Late Monday, Florida Gov. Rick Scott directed the state Department of Law Enforcement to help local authorities in their investigation. The governor said in a memo to department Commissioner Gerald Bradley that the circumstances surrounding the death "have caused significant concern within the Sanford community and the state."

Prosecutors can have a hard time making a case if there is no one else around to contradict a person who claims self-defense, said David Hill, a criminal defense attorney in Orlando. So far, Sanford police have said there is no evidence to contradict Zimmerman's claims.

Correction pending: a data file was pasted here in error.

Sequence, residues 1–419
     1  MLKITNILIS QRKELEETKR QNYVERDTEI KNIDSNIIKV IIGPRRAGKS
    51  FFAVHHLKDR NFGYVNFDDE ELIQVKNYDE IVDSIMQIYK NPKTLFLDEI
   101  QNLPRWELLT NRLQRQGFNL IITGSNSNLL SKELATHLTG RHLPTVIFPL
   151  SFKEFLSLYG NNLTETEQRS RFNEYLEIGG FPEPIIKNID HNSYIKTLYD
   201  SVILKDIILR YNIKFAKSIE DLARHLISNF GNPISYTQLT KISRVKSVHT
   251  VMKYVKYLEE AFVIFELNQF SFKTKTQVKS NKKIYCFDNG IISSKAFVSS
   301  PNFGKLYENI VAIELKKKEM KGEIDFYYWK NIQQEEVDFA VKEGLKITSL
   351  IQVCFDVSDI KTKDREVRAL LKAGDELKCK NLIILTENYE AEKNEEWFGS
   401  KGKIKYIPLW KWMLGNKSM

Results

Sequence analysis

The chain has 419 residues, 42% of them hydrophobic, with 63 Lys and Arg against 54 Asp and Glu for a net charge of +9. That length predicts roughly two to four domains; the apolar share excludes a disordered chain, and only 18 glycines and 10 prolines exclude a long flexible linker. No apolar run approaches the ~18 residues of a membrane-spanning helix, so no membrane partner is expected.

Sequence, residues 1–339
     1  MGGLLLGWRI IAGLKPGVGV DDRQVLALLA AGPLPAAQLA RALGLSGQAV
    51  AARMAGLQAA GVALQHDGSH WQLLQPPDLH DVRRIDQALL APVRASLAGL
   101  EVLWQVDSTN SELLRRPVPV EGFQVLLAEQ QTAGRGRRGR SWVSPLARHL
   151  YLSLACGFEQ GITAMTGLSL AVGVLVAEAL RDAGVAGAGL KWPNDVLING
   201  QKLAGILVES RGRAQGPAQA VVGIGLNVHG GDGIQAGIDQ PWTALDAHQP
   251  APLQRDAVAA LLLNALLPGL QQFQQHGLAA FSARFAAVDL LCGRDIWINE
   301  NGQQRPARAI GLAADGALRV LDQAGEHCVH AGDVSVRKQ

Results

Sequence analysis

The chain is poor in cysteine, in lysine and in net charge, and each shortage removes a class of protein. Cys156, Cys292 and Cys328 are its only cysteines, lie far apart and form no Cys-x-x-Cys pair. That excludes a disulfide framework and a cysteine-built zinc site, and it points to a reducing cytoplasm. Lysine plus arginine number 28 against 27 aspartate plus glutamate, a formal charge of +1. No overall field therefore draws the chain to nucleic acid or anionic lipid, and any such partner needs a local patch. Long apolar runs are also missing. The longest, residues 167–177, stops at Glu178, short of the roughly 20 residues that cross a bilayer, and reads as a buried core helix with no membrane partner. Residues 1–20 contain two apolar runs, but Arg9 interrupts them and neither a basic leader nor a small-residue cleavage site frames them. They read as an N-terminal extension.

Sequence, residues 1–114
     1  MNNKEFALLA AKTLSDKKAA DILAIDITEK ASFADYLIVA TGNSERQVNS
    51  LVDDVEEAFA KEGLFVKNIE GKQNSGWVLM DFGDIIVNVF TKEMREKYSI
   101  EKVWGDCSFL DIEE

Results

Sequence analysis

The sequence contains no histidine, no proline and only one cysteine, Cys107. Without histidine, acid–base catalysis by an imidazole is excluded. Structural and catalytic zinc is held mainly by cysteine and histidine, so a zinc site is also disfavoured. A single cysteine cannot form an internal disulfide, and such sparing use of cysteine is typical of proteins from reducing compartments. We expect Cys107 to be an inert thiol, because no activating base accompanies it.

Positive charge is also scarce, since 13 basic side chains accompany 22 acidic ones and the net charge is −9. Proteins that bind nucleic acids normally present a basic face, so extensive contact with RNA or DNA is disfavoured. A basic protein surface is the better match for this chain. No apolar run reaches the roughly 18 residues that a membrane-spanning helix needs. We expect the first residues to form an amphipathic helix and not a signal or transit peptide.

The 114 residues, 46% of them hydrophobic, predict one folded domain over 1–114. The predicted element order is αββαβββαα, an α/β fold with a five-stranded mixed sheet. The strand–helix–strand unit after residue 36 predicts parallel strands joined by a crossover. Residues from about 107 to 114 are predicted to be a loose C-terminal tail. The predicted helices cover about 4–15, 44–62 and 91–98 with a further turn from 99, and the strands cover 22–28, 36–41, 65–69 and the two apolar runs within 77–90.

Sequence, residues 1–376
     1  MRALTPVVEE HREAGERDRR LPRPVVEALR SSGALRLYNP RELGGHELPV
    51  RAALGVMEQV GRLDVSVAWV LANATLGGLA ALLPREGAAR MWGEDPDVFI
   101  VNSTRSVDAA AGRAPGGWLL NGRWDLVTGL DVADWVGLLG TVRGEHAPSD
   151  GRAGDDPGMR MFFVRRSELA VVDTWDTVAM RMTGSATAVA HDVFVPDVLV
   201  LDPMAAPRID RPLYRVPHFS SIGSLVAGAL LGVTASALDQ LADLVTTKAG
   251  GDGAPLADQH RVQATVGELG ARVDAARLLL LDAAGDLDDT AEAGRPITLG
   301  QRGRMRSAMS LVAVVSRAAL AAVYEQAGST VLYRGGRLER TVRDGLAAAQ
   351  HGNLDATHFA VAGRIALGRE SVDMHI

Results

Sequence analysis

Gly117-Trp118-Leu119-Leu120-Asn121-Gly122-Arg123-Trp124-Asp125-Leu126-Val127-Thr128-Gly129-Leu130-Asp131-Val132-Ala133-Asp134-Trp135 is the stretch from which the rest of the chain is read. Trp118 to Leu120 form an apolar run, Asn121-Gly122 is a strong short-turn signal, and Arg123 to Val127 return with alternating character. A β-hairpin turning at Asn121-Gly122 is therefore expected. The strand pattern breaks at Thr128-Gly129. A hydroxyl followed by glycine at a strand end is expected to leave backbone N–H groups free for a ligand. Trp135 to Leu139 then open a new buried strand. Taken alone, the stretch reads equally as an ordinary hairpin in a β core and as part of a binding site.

Gun control advocates said the case is emblematic of permissive gun laws in Florida, which was among the first states to allow residents to carry concealed weapons. Florida was the first state to pass a "Stand Your Ground" law, which has been dubbed a "Shoot First" law by gun control advocates.

Currently, about half of all U.S. states have similar laws, said Brian Malte, legislative director of the Brady Campaign, which describes itself as the nation's largest organization dedicated to the prevention of gun violence.

The "Stand Your Ground" law's legislative sponsor, Florida Rep. Dennis Baxley, said in a statement released this week "that the law wasn't written to give people the power to pursue and confront others.

Category: National